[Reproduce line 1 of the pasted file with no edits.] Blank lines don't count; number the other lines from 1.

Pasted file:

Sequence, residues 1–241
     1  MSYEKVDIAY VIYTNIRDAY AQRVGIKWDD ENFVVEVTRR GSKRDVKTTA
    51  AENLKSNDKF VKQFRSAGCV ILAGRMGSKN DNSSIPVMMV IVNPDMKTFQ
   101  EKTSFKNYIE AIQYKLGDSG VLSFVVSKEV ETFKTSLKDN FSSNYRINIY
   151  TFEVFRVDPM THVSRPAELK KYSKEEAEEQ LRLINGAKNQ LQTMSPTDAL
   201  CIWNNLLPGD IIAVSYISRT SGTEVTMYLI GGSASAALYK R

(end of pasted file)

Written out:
Sequence, residues 1–241